But don't settle for something only marginally better than waiting tables in your life.

    EDIT: Oh, I almost forgot. This implies forgetting what sleep even is and saying goodbye to anything resembling a social life until you're around 30. But hey, that's overrated anyway.
  5. superscape macrumors 6502a


    Feb 12, 2008
    East Riding of Yorkshire, UK
    Also, don't forget that programming doesn't necessarily mean web design. Do you definitely want to focus on web design? You could randomly throw a football down any high street and hit five web developers. Not that there's anything wrong with being a web developer, of course, just be aware that there's a lot of competition and as a result, wages aren't great unless you're one of the very good ones (who you're much less likely to hit with your randomly thrown football). If you're an average, or below average web developer then you can look forward to the codemonkeyhood described by villicodelirant. Maybe you'd be happy with that, maybe you wouldn't.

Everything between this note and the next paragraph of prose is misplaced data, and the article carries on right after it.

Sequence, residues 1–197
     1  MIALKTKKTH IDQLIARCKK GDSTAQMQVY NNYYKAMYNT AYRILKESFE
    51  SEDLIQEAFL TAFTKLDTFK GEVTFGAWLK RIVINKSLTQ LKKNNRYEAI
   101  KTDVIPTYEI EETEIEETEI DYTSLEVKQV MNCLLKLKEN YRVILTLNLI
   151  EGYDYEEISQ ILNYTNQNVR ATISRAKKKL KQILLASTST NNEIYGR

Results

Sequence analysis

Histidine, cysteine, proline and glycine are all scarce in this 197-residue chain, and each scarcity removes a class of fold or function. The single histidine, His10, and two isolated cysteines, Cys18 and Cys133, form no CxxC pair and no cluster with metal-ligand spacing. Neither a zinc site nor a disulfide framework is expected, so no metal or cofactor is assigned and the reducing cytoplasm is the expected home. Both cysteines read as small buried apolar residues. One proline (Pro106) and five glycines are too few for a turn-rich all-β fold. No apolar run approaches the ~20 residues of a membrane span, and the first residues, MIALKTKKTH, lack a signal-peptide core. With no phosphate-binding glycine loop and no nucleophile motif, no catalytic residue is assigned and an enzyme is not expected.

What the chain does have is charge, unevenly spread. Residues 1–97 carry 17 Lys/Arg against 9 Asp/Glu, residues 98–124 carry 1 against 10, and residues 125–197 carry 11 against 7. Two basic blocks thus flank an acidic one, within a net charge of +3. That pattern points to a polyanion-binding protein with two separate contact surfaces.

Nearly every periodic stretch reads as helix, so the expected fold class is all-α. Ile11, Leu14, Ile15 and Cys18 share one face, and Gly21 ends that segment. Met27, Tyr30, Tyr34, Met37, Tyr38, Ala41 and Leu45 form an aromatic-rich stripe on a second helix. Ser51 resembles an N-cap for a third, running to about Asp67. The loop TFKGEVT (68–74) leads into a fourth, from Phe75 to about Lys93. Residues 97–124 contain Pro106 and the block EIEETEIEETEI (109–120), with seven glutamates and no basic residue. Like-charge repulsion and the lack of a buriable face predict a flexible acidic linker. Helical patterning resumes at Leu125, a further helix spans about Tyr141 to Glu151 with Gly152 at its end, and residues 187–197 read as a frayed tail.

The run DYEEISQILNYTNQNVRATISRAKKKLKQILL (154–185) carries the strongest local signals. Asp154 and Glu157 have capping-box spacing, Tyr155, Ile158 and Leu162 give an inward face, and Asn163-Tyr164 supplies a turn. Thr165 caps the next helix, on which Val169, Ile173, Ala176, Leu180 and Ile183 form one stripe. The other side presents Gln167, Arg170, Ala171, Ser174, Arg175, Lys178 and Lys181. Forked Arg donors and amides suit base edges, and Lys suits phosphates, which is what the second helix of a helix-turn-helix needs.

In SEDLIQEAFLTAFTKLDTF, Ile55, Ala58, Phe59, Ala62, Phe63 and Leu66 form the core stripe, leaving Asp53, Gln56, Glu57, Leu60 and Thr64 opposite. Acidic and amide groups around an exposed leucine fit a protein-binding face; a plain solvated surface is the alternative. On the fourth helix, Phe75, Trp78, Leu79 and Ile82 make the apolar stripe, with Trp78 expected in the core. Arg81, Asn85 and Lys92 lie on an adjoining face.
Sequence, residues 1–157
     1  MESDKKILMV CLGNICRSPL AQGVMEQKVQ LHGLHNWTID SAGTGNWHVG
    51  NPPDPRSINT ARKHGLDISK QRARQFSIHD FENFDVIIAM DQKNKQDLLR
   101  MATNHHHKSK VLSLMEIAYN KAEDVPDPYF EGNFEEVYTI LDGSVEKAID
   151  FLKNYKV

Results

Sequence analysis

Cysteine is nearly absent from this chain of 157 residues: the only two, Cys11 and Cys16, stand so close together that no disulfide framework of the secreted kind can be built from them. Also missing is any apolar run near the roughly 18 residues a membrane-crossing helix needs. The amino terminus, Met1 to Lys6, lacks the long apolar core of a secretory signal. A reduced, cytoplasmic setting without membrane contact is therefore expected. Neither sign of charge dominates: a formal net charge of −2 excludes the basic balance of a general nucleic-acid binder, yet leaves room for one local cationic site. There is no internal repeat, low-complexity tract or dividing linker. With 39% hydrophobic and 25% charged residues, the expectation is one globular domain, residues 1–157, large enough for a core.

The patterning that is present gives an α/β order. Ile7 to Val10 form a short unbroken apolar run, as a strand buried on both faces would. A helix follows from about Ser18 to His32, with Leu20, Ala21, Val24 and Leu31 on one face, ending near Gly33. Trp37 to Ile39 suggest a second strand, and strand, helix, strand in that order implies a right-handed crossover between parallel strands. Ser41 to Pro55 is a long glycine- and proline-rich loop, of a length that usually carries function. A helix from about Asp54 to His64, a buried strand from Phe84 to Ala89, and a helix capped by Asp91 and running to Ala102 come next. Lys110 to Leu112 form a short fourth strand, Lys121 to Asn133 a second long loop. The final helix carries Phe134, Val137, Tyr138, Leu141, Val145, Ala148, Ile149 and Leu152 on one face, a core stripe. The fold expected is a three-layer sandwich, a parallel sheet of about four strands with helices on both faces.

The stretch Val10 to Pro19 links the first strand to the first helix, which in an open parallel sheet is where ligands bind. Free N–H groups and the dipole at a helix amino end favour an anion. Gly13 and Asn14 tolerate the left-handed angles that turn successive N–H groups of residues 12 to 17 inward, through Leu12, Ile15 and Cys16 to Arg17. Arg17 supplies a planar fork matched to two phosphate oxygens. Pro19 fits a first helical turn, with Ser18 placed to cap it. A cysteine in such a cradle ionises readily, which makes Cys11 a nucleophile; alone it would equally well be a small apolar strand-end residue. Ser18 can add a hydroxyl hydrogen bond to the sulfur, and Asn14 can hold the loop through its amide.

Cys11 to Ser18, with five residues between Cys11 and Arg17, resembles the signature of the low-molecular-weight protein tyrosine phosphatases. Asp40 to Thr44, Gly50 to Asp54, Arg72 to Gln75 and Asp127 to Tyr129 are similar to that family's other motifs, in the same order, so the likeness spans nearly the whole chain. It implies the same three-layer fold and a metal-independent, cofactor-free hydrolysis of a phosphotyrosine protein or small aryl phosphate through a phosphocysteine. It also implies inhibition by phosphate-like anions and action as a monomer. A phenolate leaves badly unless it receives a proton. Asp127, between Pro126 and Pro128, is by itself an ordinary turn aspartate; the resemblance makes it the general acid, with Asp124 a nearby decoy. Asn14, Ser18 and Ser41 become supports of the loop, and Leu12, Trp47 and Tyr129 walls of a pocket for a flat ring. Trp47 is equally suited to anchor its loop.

Another option might be to take a (slightly) less travelled route and look at something like app development for iOS, Mac or (if you must) Android. I suspect that after a few weekends working through some of the better tutorials (e.g. those over at or the many YouTube demos) you'd be able to make a simple app and get it on the appropriate app store. If you're really lucky, it'll make you some money. If not, it's a good learning experience and a good thing to show prospective employers. I guess what I'm saying is that sometimes it's easier to be the big fish in a small pond, especially if you're just starting out.